By James O’Neill*
Last week the UK Supreme Court (formerly the House of Lords) heard argument on the appeal by the Secretary of State for Exiting the European Union from the unanimous decision of the High Court in favour of the applicant Gina Miller.
That High Court decision brought howls of outrage from the tabloid press in particular, one even having a banner headline “The Judges Versus the People.” Irrelevant and offensive personal slurs were made against the three Judges involved.
Lost in all the media hubbub was a key point that is of interest and concern to more than just constitutional lawyers, but rather goes to the heart of what it means to be a democracy in the 21st century.
A brief recap of the pre-history is useful. In 2015, in a bid to assuage what many consider to be legitimate concerns over “rule from Brussels” then Prime Minister David Cameron agreed to a referendum on whether the UK should stay in the EU or not. It is a reasonable assumption that Cameron expected to win and the UK to then stay in the EU.
The referendum was duly held in June 2016 and of those who voted (about two thirds of the eligible number), 52% voted for the UK to leave the EU (“Brexit”). To say that Cameron and the “Remain” supporters were shocked at the result is probably an understatement.
Cameron resigned and was replaced by Therese May who immediately announced that the government would initiate the leave process by invoking Article 50 of the EU Treaty.
This is where the legal argument began. The May government intended to use its prerogative powers to initiate and complete the process of exiting the EU. The short explanation of the prerogative power is that it enables the Crown (the executive) to act without recourse to Parliament. For very good reasons that power is highly restricted.
Enter the lead claimant (plaintiff) Gina Miller. In the High court Ms Miller’s counsel argued that it was a fundamental principle of English law that the Crown cannot use its prerogative powers to abrogate rights under the laws of the UK.
When the UK joined the EU in 1973 it did so pursuant to an Act of Parliament. UK citizens acquired a raft of rights by virtue of EU membership, including for example the right to live and work in any other EU country; to come under the umbrella of European Human Rights law; and access to the European supranational courts to enforce their various rights. These are not trivial matters. They have been widely exercised by UK citizens over the past 43 years. The loss of those various rights would represent a material loss of rights and benefits.
The three very senior Judges who heard Gina Miller’s application to stop the purported exercise of the prerogative power in the manner the government sought to do had little trouble accepting her counsel’s argument.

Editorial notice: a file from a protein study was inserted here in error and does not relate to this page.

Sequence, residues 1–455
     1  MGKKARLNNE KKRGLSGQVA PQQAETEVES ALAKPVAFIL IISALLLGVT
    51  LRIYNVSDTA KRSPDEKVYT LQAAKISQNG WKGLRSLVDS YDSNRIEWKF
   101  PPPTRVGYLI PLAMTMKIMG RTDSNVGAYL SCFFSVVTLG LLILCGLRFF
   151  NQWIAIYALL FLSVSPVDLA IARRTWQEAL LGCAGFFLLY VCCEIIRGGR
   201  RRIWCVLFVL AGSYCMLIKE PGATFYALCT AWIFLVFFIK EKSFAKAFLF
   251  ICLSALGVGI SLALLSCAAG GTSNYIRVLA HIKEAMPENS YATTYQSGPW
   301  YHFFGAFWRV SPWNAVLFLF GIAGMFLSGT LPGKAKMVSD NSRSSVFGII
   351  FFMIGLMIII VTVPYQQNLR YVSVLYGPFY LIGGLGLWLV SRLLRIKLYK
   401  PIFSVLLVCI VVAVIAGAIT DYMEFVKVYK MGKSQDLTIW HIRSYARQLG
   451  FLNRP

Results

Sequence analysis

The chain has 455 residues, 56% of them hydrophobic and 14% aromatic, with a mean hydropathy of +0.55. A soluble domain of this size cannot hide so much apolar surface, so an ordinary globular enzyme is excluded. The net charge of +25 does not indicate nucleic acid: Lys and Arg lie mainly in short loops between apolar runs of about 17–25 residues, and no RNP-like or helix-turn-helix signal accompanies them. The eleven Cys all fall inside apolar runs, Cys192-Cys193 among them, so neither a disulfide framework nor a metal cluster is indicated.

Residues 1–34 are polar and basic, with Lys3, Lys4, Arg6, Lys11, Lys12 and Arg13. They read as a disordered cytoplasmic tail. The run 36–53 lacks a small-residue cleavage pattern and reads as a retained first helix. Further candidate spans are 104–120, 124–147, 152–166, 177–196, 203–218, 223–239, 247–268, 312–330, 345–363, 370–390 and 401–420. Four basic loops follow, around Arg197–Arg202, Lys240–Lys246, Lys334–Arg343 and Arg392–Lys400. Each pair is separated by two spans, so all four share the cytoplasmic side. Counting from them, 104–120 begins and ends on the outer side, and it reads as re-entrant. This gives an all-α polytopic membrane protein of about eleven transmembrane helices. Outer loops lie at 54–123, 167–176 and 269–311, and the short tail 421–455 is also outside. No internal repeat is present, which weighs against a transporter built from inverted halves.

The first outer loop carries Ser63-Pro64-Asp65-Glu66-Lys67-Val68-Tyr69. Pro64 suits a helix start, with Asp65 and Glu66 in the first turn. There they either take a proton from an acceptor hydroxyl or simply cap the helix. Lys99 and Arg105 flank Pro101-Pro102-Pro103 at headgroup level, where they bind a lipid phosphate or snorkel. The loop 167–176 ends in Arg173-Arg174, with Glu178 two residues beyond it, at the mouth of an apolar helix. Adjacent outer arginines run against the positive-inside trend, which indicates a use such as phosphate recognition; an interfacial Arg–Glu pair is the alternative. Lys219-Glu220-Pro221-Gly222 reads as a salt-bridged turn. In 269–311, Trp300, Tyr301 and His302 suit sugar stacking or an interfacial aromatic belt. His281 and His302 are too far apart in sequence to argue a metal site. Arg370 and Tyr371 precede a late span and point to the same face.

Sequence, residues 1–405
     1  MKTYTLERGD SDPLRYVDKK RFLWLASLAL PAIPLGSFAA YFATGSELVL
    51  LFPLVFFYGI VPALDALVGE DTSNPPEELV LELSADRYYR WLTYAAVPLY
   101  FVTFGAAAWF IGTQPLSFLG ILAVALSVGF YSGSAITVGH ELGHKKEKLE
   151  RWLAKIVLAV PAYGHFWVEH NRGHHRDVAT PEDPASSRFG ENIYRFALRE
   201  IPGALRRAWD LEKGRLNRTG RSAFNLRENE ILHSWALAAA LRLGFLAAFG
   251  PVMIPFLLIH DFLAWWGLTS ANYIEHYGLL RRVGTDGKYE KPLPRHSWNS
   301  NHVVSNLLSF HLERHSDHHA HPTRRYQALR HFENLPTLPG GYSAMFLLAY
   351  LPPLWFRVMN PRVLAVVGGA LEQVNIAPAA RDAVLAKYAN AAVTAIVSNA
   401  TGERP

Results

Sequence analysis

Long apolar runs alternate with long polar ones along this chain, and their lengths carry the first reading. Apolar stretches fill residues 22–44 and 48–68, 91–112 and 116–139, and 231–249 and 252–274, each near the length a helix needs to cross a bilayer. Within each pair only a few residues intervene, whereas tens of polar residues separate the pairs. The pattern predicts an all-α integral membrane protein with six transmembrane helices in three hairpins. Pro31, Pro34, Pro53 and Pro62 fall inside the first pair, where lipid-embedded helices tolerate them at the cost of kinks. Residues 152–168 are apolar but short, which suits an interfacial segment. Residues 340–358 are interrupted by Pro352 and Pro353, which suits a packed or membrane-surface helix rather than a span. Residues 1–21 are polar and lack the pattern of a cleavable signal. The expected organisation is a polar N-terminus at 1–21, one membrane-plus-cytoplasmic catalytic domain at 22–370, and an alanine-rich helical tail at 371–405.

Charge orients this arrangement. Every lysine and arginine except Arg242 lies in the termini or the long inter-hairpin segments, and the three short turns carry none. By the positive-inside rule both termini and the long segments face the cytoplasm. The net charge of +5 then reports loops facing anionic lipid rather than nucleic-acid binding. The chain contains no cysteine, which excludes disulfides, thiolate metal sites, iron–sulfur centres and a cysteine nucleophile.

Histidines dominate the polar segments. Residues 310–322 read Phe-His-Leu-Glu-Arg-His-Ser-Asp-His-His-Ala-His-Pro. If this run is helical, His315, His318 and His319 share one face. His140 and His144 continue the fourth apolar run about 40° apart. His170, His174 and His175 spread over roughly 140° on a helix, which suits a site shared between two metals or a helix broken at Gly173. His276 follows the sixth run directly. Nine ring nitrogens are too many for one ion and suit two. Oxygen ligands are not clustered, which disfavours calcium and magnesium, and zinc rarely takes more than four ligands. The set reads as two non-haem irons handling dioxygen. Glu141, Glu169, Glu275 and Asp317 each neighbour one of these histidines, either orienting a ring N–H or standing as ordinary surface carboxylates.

That decision came as no surprise to constitutional lawyers or indeed anyone with a grasp of English history. It has been the law of England for the last 400 years that any changes to the law must be via Parliament.
The media, as noted above, presented the decision as the Judges ignoring the wishes of the people insofar as that wish was represented in the referendum result. It should be added that a referendum has no binding force in English law, and as was pointed out in the judgment, the wording of the referendum question itself was so general it could not be directive in any case.
The media also chose to ignore another fundamental principle. As the leading constitutional textbook expresses it: “The Judges know nothing about any will of the people except insofar as that will is expressed by and Act of Parliament.” (Dicey: An Introduction to the Law of the Constitution).
That principle, which is at the heart of representative government, may be read in conjunction with another tenet that is fundamental to the maintenance of a democratic law based society, and that is that the Judges must apply the law regardless of the wishes of any particular group: fiat justitia, ruat caelum (let justice be done though the heavens fall).
Those, like the msm who railed against the judgment and the Judges personally, whether they appreciate it or not, are advancing a very dangerous argument. In essence, that argument is that a view has been expressed through a referendum, and not only must that view be followed, one can put aside the role of parliament and let the executive proceed without recourse to proper parliamentary procedure.
That is why I say the argument is dangerous. Enormous power already resides in executive government (our illegal entry into the Syrian war but one example of the abuse that is possible).
To cast aside one of the few effective constraints on that power, that of parliament’s ability to hold the executive to account, is a major step on a very slippery path of ceasing to be a democracy in any meaningful sense of the word.
The Judges in both the High and the Supreme Courts were careful to say that they were not making a ruling on the merits or otherwise of Brexit. They were concerned solely with the lawfulness of the process under which the decision making process should proceed.
I would be astonished if the Secretary of State’s appeal was successful. That would mark a major departure from precedent. That departure would not be in a desirable direction.
We all need a legal system that protects us, even though on occasion “the heavens fall.” The msm have failed yet again to uphold those fundamental principles and they thereby contribute to the diminution of our democracy.
* Barrister at Law. He may be contacted at firstname.lastname@example.org